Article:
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  1. egabbert says:

    “nobody ever made a bazillionty dollars catering to the prejudices of old-school perfumistas, right?”

    Frederic Malle has a bazillionty dollars, doesn’t he? Oh wait, he probably already had them. :)

    How does this compare to Elie Saab? They sound/look like kissing cousins.

    • Robin says:

      You know, Malle is working on a much smaller scale than your average designer brand that is trying to fund the fashion side of a lifestyle brand. You can do well catering to perfumistas, but not THAT well.

      I have smelled Elie Saab but did not love that one either and did not spend much time with it…going on memory, the Elie Saab is brighter but also maybe a bit less girly? Hope someone else will chime in as I don’t have a sample to compare. But kissing cousins might not be far off, they both smell like Kurkdjian scents to me.

      • egabbert says:

        Agreed, though I’ve always felt that Malle — more so than say, Serge Lutens — aims for a kind of beauteous luxury that isn’t perfumista-specific. Meaning most of them aren’t too weird, I guess.

        I definitely smell a common thread in most Kurkdjian scents.

        • Robin says:

          I’d agree with that take on Malle too.

          And of course there are fashion brands that aren’t necessarily looking for the next big hit. But for many of them, the perfumes fund other artistic endeavors, obviously.

          • egabbert says:

            On that note: I tried the L’Wren Scott perfume yesterday and found it totally baffling. Sour, astringent curry powder. How do you fund a fashion brand with that?!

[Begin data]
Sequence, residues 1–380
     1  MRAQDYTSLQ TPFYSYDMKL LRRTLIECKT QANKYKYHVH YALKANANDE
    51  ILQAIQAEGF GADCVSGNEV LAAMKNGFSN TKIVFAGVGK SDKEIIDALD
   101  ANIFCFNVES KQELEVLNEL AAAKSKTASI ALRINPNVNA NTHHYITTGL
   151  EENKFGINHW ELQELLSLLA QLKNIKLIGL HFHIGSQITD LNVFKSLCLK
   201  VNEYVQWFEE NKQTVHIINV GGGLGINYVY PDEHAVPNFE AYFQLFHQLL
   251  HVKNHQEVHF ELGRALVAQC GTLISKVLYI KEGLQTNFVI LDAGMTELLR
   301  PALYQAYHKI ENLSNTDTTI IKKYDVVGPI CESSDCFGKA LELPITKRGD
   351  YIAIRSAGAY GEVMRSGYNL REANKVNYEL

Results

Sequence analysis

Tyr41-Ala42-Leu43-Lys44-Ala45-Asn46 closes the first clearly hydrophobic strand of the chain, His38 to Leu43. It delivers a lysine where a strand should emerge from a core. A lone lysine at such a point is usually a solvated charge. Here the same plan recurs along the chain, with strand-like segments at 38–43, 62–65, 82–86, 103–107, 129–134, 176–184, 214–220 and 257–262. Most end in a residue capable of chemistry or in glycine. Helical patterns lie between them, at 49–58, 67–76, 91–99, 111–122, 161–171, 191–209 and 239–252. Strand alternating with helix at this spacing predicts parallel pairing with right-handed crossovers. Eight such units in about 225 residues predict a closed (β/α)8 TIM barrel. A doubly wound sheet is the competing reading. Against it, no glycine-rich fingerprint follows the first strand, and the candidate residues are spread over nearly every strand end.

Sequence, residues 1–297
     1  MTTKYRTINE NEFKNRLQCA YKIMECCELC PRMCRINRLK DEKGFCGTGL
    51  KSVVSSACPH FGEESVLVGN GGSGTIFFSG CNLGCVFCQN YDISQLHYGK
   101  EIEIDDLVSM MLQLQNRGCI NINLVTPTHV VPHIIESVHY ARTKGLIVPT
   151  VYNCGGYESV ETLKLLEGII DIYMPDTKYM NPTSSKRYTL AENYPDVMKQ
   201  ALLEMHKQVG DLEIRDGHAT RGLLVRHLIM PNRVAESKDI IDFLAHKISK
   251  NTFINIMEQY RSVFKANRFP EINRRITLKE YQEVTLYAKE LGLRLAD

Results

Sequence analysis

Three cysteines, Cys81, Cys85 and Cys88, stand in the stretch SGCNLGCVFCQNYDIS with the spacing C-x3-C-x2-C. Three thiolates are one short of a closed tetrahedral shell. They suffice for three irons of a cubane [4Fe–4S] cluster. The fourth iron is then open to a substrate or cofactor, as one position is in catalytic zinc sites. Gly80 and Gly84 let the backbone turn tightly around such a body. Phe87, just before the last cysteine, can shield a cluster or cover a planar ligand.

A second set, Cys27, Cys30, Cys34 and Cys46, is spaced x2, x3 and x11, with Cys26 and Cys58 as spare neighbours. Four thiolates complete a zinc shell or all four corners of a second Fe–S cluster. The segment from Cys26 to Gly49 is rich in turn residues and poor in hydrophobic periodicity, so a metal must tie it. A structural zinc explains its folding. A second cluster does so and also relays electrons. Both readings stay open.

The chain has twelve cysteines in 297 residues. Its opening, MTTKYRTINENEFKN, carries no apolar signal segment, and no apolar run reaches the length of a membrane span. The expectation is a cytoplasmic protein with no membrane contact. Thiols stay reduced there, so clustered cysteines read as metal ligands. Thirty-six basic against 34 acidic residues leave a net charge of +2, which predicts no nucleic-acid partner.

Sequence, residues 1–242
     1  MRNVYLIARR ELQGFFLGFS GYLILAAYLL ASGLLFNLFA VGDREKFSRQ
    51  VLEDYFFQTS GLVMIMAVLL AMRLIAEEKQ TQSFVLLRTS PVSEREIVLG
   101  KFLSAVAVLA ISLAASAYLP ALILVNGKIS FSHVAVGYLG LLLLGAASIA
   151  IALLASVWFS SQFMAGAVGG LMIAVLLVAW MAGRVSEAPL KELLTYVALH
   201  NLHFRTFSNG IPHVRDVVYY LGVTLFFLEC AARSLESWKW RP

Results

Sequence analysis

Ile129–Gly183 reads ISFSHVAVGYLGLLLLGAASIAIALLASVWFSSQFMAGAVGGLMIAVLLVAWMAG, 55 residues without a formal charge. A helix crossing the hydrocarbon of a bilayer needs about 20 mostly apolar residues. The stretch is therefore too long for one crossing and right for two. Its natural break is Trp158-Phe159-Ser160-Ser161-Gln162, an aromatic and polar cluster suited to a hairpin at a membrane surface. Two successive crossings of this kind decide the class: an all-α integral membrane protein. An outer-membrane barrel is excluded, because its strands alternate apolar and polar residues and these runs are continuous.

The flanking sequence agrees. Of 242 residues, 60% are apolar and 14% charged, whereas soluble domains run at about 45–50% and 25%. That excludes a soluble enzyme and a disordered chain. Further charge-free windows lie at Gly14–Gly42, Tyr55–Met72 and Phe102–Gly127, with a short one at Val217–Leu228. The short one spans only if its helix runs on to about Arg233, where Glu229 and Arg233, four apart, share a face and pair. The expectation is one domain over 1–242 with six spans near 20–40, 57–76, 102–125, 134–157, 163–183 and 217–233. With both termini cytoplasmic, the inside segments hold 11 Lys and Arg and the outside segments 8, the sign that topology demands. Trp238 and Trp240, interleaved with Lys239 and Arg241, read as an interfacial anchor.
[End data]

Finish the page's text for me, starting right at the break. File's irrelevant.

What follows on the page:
• Robin says:

            Oh, good to know…I was curious about that one! But again, hardly what you’d call a “major launch” from a designer brand, right?

          • egabbert says:

            Probably not particularly major, but this if the first I’ve heard of the Carven launch too.

          • Robin says:

            I am guessing the Carven is in nearly every major department store in Europe, or will be, and probably will be in major perfume boutiques too, of which there are far more in Europe than here. Right now here it is only in Saks, IIRC, but will probably expand to other stores. The L’Wren Scott is just Barneys, I think? So really not on the same level, but it’s quite true that the Carven name is not huge in the US.

          • egabbert says:

            Yes, L’Wren Scott is just Barney’s. Though on a much smaller scale I imagine the idea was the same — people who can’t afford the clothes will buy the perfume? I see it being DC’ed fast though.

        • egabbert says:

          Also, I feel like I’m unintentionally arguing with you, sorry if it seems that way! I didn’t mean to imply the LWS is at the same level as the Carven, just that it’s also a frag from a fancy clothing designer.

          • Robin says:

            LOL…I was just thinking the same thing, that I was sounding like I was arguing with YOU and I didn’t mean to be either. Glad we’re all good :-)

          • egabbert says:

            :)

    • I had the same question about the comparison to Elie Saab. I originally thought Elie Saab was too clean for my taste, but I got a full-size body lotion as a GWP with another perfume, and now using the lotion, I keep thinking I should buy a bottle of Saab.